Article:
The BC Ombudsperson is committed to advancing and supporting reconciliation through our work with First Nations, Métis and Inuit peoples in. We recognize and respect Indigenous rights, histories and lived experiences in delivering our services. Due to historical factors, Indigenous peoples are overrepresented in many of the public sector organizations we oversee including child protection systems and correctional settings. Yet we know the number of Indigenous people who come to us with complaints is low. Our goal is to strengthen our partnerships with Indigenous service providers, community leaders and individuals to build trust in our services and ensure all Indigenous peoples across BC are treated equitably.
How we can help Indigenous peoples with individual complaints
There are a wide range of complaints Indigenous people, both on and off-reserve, can bring to us. With jurisdiction over more than 1,000 provincial and local public organizations, we are here to listen to your concerns and help find ways to resolve issues. Common complaints Indigenous people may have include problems with Crown Corporations, (like ICBC, and BC Hydro), health care services, complaints about schools and universities, local governments and government ministries such as the Ministry of Children and Family Development and Ministry of Social Development and Poverty Reduction.
What We can Help With:
We receive complaints specifically about Indigenous discrimination and racism in the healthcare system
Indigenous peoples in B.C. have inequitable access to preventative and primary health care services, which perpetuates poorer health outcomes for First Nations, Métis and Inuit populations in the province, Indigenous people wishing to share their experiences of racism and discrimination in health care may contact our office. We have asked Kerrie Reay to continue in her role from the Addressing Racism Investigation led by Dr. Mary Ellen Turpel-Lafond to ensure callers are provided with the time and understanding to share their experiences and concerns. We can also help with navigating the complaint processes and accessing health records.
Contact Kerrie Reay:
[link to First Nations Justice Strategy independent office, when information becomes available.]
We can help Indigenous people navigate provincial and municipal complaint systems and connect people with advocates who can help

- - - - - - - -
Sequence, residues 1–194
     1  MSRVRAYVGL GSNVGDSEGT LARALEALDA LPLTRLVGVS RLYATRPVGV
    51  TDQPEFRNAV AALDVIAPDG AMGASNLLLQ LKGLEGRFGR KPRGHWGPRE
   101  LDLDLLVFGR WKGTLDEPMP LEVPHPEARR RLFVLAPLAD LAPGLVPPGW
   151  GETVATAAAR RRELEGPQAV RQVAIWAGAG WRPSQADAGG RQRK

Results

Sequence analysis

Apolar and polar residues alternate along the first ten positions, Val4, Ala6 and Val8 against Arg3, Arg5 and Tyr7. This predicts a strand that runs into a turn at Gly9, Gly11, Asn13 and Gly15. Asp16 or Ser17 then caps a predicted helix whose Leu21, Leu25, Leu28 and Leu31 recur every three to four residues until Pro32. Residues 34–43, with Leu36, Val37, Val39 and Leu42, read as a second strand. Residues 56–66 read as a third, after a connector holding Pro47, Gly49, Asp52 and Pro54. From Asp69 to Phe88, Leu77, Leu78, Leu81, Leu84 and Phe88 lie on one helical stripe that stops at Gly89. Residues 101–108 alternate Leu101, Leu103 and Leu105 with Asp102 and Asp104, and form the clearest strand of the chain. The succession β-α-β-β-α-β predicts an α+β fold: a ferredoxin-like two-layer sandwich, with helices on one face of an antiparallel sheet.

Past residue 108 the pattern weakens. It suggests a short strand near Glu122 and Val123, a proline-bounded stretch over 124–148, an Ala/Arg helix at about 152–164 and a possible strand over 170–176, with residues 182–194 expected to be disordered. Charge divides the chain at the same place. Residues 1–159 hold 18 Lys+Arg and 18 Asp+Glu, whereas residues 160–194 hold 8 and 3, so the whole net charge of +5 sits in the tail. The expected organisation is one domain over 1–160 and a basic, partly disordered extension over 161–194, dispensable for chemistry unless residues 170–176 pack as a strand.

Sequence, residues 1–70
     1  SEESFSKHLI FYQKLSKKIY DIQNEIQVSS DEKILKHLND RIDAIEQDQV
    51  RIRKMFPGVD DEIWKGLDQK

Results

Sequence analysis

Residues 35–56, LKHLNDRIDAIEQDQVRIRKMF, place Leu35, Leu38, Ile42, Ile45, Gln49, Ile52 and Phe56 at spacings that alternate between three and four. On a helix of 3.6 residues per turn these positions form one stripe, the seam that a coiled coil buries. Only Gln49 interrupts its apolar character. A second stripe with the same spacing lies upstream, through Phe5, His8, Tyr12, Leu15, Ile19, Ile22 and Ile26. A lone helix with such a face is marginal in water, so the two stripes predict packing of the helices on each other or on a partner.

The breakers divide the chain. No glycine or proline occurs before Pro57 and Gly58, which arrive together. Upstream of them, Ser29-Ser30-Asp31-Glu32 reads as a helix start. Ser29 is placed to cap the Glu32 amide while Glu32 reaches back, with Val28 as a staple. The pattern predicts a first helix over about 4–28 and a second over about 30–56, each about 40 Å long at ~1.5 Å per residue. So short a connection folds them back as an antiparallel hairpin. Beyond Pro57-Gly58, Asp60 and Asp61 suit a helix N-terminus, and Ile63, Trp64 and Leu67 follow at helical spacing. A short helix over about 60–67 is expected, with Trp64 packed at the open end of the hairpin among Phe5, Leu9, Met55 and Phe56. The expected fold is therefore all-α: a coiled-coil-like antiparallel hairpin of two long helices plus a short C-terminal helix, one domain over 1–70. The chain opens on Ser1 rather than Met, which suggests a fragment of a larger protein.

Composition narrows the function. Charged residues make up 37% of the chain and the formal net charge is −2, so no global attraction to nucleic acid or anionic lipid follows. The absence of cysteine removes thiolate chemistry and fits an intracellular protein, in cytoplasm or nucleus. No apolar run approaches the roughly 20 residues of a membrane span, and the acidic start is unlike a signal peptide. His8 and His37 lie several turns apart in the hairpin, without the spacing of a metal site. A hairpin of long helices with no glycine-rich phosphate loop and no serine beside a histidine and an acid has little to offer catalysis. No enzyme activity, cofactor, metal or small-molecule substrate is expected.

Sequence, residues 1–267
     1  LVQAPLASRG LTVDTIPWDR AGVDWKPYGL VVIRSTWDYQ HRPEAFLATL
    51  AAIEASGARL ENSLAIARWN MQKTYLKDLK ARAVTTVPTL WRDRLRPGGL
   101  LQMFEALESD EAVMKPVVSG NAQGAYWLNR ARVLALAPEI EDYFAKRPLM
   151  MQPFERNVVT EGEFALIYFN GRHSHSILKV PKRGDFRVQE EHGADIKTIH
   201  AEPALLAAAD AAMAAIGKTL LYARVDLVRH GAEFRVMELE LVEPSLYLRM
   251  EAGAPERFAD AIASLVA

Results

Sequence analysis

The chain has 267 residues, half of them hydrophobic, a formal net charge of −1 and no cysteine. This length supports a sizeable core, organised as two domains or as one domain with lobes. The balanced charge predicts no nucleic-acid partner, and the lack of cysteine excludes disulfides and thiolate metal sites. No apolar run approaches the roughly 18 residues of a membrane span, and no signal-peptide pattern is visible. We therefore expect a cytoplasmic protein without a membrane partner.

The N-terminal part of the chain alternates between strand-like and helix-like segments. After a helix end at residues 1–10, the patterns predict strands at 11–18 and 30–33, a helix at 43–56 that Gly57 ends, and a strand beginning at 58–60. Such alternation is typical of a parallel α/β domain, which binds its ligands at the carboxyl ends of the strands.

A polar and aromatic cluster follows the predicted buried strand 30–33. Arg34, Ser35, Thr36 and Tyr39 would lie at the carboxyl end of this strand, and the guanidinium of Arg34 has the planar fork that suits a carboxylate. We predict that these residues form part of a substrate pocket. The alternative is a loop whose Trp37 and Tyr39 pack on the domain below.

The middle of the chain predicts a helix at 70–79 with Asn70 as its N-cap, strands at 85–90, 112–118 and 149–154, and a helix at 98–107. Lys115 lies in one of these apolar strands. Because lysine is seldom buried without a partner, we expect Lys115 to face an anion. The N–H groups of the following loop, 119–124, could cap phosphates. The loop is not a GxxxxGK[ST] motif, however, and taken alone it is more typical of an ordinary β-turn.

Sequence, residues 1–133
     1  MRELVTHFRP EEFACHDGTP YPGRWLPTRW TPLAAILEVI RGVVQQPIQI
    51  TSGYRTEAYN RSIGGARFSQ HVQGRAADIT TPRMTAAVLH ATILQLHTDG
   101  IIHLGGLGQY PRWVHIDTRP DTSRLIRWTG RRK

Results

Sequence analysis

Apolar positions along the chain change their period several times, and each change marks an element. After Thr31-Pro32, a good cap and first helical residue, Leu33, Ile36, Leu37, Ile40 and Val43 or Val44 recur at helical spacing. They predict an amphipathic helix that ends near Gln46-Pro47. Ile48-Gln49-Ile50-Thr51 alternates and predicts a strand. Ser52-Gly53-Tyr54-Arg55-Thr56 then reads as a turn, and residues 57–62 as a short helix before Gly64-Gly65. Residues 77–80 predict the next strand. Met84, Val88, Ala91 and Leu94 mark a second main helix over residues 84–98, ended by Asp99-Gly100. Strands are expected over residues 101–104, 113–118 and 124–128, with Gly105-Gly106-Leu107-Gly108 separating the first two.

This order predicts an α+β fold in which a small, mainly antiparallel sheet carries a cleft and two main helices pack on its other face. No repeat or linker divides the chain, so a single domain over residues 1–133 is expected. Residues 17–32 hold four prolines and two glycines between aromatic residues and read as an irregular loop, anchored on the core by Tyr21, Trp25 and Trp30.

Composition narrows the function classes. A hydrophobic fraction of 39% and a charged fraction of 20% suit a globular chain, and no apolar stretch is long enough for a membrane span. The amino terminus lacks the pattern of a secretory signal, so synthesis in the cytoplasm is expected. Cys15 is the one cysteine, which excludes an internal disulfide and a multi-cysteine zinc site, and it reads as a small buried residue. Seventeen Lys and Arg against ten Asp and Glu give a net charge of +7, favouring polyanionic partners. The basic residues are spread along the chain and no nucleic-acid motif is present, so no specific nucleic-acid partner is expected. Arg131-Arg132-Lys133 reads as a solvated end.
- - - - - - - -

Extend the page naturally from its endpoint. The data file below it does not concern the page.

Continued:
Understanding where to take a complaint and how best to get your voice heard before coming to us can be complicated. We’re here to assist people, so they know where to take their complaint, or how to prepare questions to get the answers they need. While we do not act in an advocate capacity, we can connect you to resources for finding such aid.
[add list of advocate resources here]
Our Complaint Checker and Intake staff are free resources.
We investigate systemic issues that impact many people
In our work, we identify problems with the administration of services that can impact many people. There have been many public reports that make recommendations to government for improved changes. Some of these reports directly impact Indigenous people.
Here are some examples:
What kind of a difference can our work make for Indigenous people?
From reimbursements of money owed, to formal apologies, to getting the services you need when you need them, our work has a number of concrete outcomes for people. See some of the differences we can make.
[add list of relevant case summaries here]
We are engaging with Indigenous communities to learn about how we can make our services culturally responsive, including listening and making space for people to share where they see issues of unfairness at the community level
We are conducting a series of round-table and focus group discussions with Indigenous service providers as well as Indigenous leaders and community members. We want to listen and learn and ensure the services we provide are relevant.
[Read about what we have learned so far. Link to summary report here.]
[To follow: See a schedule of upcoming sessions.]